Assistant Professor Tatiana Podladchikova of the Skoltech Space Center (SSC), Nikita Veliev, an engineer of the SSC, and Galina Chikunova, a PhD student of the SSC, recently created a course for the Independent Studies Period (ISP) titled “Solar Observations with a Telescope.”
What gave them the idea to run it? After Arkady Dvorkovic, Chairman of the Skoltech Board of Trustees, donated a high-end Sky-Watcher telescope to the SSC, Nikita decided to create the course.
“When it was gifted to our center, I was responsible for assembling it and setting everything up. I then began thinking that if the students want to use it, we should instruct them,” said Nikita.
Realizing that it made more sense to teach students in groups rather than on an individual basis, he created an ISP course. As well as teaching basic astronomy, the main goal of the program is to teach students how, when and where they can use a telescope, with a special focus on solar observation.
While the telescope in question is of the more advanced kind designed for experienced users, the fundamentals for use are very similar across the board. It has a maximum magnification of 400x, meaning that one could make out the colorful atmosphere of Venus (incidentally, the planet is very bright during the evenings at this time of year); likewise, Andromeda, the galaxy nearest the Milky Way (2.5 million light-years away), would be visible on a clear night without light pollution as an unmistakable galactic disk.
“This telescope is right in the middle of the scale between beginners and professional telescopes. You can see all the galaxies closest to the Milky Way, and, of course, you can observe the planets and stars,” said Nikita.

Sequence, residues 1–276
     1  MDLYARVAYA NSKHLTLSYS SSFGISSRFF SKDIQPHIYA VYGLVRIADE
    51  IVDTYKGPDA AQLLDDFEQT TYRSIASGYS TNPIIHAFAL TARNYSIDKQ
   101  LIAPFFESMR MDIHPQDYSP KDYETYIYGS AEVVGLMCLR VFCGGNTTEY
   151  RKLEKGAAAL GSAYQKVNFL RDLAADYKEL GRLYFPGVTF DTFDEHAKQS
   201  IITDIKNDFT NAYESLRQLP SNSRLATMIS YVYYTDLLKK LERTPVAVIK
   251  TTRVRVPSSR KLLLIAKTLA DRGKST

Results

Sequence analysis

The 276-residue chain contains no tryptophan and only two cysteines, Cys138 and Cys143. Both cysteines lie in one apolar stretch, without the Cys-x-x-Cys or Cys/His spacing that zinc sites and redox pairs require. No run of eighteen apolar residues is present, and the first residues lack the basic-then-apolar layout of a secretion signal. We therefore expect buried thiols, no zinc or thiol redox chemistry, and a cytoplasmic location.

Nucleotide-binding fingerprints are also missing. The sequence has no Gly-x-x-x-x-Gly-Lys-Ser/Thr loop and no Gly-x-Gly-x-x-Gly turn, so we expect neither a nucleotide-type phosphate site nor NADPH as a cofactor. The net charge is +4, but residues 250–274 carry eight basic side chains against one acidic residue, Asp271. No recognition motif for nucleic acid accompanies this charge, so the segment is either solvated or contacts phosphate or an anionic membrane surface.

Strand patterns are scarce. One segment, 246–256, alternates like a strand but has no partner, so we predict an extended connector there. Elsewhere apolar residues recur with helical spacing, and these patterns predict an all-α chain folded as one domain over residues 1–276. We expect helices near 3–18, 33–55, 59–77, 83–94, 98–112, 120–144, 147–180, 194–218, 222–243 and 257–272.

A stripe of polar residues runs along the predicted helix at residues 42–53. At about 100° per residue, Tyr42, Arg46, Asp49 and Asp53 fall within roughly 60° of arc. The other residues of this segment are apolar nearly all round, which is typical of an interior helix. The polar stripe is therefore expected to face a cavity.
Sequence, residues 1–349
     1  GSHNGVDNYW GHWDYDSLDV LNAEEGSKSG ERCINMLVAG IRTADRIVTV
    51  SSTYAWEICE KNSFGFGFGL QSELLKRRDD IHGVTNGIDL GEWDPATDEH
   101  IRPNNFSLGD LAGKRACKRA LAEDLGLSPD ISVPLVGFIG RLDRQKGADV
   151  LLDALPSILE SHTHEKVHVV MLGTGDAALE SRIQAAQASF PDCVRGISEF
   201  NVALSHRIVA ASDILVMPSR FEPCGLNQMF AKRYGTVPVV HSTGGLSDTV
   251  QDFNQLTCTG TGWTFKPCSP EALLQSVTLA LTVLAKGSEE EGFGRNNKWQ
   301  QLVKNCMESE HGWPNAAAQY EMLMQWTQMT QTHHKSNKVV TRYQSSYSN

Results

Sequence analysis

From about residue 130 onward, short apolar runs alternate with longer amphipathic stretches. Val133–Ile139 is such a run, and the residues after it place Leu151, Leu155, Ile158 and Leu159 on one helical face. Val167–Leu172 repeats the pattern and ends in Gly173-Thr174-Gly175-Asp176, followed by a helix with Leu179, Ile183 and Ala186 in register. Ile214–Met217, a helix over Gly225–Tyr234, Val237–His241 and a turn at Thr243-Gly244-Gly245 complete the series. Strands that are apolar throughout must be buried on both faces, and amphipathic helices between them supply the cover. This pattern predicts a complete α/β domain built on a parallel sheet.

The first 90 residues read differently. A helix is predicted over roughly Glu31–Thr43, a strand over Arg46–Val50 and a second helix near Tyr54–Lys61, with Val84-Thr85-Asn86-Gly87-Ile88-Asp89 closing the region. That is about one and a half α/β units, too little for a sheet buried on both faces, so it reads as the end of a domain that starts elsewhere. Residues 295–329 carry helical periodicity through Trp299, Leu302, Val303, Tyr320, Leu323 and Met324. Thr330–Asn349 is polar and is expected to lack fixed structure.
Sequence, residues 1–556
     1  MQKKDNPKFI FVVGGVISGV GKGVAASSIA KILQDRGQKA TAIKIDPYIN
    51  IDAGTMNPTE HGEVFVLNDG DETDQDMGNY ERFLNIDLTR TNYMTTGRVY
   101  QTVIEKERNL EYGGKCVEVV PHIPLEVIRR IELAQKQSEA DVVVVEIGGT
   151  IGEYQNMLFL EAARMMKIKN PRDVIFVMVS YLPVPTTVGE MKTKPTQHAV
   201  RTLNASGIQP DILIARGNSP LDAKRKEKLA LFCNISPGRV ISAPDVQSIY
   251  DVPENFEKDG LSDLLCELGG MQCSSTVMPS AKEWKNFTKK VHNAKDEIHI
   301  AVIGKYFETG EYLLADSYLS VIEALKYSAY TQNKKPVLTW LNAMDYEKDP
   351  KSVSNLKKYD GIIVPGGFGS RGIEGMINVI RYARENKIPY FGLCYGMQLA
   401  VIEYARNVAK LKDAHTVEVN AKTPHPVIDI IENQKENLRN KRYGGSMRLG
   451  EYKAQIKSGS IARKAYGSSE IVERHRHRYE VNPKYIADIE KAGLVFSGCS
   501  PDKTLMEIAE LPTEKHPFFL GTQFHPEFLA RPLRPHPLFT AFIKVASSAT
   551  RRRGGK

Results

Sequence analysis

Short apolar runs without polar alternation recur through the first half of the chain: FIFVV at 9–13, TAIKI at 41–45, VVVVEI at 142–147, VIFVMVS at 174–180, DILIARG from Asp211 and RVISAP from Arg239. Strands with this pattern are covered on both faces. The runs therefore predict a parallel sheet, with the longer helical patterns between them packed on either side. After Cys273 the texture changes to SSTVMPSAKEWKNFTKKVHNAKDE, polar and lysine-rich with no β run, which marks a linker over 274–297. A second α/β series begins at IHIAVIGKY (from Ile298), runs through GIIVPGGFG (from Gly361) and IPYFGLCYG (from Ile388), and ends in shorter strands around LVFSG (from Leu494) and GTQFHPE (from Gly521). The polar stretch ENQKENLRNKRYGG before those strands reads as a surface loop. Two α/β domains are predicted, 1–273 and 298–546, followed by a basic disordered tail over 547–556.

If you observe Andromeda, it might be a little overwhelming understanding that one is seeing an actual galaxy in its entirety; however, when the observer also realizes that they are staring 2.5 million years into the past – the time it takes for the galaxy’s light to reach Earth – it adds yet another sense of the immensity of our Universe.
The course began with an introduction to astronomy; the students learn celestial coordinates, and why there are different mounts for the telescope as well as different instruments for tracking planets, the stars, and the Sun.
“Apart from the introduction to astronomy and solar physics, we also have practical lessons and labs for data processing. The goal is to gather data using the telescope, if the weather conditions allow it, and then to process the aforementioned data,” said Galina Chikunova, a PhD student of the SSC.
The course focuses on solar observation, but also includes night sky observation. One might ask, how does one look at the Sun with a telescope? Of course, it is a sure way to blind yourself if you don’t have the appropriate filters; but with the right equipment, you can look directly at it and witness phenomena such as sunspots.
On Thursday, January 23, the sky cleared for the first time in what felt like weeks, and the class got to try out the telescope.